The image of a gigantic dinosaur towering above its helpless prey just got a little bit more frightening, as it turns out dinosaurs had thick layers of cartilage between their bones that added up to an extra 10% of height.

Casey Holliday, a professor of anatomy at the University of Missouri, explains how his team made this shocking finding:

"Our study of the limbs of modern-day relatives of dinosaurs shows that dinosaurs were significantly taller than original estimates. The ends of many dinosaurs' long bones, which include leg bones such as the femur or tibia, are rounded and rough and lack major articulating structures like condyles, which are bony projections. This indicated that very thick cartilages formed these structures, and therefore the joints themselves, and would have added significant height to certain dinosaurs. This study offers new data into how and why reptiles, and mammals, such as humans, build their joints with such different amounts of bone and cartilage."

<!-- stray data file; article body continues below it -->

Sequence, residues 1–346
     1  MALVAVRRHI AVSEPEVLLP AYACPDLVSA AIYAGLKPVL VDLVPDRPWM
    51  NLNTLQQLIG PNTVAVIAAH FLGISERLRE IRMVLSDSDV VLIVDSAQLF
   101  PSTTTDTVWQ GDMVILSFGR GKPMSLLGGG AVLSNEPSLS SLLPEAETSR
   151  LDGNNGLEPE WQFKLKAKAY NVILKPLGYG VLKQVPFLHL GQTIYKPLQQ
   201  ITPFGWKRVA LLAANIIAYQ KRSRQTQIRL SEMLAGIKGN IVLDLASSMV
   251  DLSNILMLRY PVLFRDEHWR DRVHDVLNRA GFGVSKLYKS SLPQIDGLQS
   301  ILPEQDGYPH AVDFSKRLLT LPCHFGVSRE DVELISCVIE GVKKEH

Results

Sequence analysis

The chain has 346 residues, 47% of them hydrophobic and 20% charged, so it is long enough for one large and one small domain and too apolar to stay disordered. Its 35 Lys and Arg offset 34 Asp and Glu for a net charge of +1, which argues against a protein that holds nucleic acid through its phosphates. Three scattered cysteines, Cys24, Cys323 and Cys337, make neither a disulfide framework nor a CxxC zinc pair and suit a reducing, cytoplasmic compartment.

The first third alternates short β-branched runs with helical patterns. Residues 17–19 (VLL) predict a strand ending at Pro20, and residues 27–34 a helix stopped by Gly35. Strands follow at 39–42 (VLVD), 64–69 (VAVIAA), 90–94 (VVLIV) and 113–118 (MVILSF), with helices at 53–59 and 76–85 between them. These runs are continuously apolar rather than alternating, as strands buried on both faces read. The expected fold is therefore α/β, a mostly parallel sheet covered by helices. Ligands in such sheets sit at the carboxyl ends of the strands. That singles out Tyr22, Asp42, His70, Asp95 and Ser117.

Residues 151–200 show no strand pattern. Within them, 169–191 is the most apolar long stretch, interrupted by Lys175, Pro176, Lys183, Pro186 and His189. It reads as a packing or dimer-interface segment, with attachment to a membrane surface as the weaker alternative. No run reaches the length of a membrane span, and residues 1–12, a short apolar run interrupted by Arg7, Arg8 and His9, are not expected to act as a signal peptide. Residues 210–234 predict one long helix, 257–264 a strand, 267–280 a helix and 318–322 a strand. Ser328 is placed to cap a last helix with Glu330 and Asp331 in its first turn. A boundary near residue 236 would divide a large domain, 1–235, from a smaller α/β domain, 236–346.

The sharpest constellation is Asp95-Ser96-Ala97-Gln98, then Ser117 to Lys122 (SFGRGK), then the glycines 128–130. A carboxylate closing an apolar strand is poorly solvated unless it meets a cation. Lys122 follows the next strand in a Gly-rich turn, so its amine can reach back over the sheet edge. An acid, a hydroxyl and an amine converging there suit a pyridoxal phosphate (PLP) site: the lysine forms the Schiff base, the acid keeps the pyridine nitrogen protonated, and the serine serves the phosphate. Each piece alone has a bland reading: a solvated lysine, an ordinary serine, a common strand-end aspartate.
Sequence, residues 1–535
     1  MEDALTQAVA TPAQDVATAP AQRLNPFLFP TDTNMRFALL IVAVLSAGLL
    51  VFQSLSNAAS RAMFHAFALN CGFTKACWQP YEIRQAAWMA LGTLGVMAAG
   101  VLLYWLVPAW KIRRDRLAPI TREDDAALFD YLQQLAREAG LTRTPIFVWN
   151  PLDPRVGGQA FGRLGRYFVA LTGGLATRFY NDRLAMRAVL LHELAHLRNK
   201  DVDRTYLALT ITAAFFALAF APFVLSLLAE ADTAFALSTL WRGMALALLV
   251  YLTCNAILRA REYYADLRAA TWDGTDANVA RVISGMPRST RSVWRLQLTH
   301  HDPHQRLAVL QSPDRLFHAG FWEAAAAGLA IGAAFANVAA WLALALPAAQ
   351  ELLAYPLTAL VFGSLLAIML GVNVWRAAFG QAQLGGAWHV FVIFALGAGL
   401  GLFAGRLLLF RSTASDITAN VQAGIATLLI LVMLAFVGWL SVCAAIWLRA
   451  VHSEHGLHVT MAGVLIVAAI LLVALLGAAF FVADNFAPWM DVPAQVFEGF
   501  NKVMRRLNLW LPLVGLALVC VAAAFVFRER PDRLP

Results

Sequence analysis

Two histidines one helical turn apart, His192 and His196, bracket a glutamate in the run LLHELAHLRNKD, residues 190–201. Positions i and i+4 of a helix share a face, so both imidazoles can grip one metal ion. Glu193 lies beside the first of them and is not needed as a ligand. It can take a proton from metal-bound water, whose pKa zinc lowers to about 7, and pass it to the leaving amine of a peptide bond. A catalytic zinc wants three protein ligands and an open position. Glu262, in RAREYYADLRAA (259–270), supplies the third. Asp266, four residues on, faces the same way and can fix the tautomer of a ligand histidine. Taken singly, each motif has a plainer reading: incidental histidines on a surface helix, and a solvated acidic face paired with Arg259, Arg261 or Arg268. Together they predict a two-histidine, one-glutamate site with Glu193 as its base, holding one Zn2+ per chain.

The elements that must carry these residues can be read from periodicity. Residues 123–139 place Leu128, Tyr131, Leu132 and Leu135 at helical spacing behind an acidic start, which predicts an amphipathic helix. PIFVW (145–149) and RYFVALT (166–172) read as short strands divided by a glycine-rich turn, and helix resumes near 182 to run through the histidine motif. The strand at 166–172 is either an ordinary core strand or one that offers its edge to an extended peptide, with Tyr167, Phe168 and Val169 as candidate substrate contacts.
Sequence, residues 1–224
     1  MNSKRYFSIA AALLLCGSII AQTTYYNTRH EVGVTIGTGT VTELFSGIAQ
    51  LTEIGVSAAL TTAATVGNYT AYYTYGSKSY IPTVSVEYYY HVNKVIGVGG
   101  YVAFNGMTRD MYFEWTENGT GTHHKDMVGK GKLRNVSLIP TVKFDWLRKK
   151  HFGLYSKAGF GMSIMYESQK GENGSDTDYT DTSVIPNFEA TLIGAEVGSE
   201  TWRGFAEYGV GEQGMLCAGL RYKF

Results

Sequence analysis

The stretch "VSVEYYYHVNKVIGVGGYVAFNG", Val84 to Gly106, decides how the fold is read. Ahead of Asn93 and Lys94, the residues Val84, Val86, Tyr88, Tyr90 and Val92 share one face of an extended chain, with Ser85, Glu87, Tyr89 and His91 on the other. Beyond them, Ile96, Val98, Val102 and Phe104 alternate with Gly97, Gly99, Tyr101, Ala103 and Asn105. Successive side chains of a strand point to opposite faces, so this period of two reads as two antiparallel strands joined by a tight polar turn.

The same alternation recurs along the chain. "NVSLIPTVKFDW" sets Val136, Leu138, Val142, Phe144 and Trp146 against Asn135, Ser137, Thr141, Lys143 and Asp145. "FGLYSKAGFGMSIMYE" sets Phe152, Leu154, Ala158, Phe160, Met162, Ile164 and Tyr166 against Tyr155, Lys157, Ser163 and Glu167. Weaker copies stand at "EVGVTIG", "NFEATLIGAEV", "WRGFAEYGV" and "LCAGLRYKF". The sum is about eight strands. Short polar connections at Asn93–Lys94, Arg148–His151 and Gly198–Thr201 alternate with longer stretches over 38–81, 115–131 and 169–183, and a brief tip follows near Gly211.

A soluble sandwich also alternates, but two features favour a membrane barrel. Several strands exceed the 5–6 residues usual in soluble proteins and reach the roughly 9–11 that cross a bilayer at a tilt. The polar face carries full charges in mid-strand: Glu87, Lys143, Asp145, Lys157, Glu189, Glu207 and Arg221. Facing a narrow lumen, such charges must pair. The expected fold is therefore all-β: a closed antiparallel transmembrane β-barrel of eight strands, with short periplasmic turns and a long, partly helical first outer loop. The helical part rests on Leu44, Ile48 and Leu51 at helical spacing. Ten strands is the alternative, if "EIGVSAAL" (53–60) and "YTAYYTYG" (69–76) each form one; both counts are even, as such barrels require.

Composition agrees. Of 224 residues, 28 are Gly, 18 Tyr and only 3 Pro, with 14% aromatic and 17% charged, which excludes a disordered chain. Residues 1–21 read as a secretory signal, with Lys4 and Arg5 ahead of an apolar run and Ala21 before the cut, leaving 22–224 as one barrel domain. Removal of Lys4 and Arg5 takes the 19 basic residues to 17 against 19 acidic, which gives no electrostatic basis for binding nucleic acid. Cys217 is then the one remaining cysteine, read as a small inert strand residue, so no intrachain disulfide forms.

You can read a full overview of his research at the University of Missouri news site, and check out the research paper at PLoS ONE.